Stephanie Aguilar-Smith

"MSIs serve students that matter to me. They matter to me because they're people." -Stephanie Aguilar-Smith, Doctoral Student, College of EducationStephanie Aguilar-Smith is a doctoral student in the Higher, Adult, and Lifelong Education (HALE) program in the College of Education, also pursuing a certificate in Chicano/Latino Studies. Her family immigrated from Venezuela, and she is the first woman in her family to pursue a graduate education. Because of this and her professional background, Stephanie thinks of herself as the go-to within her family and their larger community for how to navigate certain systems. Speaking about this, she says “And, I think that is probably what I think is my most important job.”

Before coming to MSU, Stephanie and her partner lived in Tupelo, Mississippi, where she worked as an academic advisor. She chose to move to Michigan because both she and her partner wanted a different living experience that was also affordable. Previous higher education experiences had also left Stephanie feeling like universities were hierarchal places until she came to East Lansing for HALE’s preview weekend. “I remember Dr. Renn [a HALE faculty member] said, ‘Well, tell me why you think that.’ And, I felt like she actually wanted to know why I thought that. I wondered if I was being tested. Thinking, did I say the right thing? I'm not sure if I did or not, but I felt like I was in a place where we could talk and swap ideas. And, that was really cool to me.”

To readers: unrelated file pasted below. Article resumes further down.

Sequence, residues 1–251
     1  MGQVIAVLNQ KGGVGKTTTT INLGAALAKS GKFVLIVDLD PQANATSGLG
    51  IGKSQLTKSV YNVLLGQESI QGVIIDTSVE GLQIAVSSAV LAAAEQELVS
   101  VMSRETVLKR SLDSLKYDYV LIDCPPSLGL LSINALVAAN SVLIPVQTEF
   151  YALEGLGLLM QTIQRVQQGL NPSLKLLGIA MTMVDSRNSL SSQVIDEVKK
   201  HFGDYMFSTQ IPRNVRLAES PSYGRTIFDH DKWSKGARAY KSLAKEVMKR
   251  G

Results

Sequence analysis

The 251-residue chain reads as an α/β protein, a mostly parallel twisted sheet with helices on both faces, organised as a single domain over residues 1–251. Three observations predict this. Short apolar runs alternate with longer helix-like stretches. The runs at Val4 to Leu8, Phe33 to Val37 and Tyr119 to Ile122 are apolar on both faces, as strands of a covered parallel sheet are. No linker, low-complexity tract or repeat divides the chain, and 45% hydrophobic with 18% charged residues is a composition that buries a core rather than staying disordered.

Outside of her roles as a sister, daughter, partner, and dog-mom, Stephanie bluntly describes herself as an academic. “I get to labor with my mind,” she says. “I'm an emerging—an emerging academic—, and my work is related to serving the Latinx community, which corresponds with what I think my whole life is about.” Stephanie also shared how much she appreciates her dissertation committee, saying “I'm the first committee that my department’s ever had where all the faculty are Latinx identified. I didn’t created because of that. But, all those people can really speak to my work, and they can actually support me in the work that I do.”

She believes that higher education is a mechanism that is beneficial for society as well as for individuals. She hopes that her work will someday influence policies that make organizations more equitably resourced across the system of higher education. “There are particular institutional types of receiving less funding. Specifically, Minority-Serving Institutions (MSIs) receive less funding compared to Predominantly White Institutions and they [MSIs] serve students that matter to me. I hope through my work, what I do is help more equitably allocate resources to better support colleges and universities that are doing the lion's share of the work of serving underrepresented and underserved students,” says Stephanie. “I just feel like my job is to make it worth what my parents gave up.”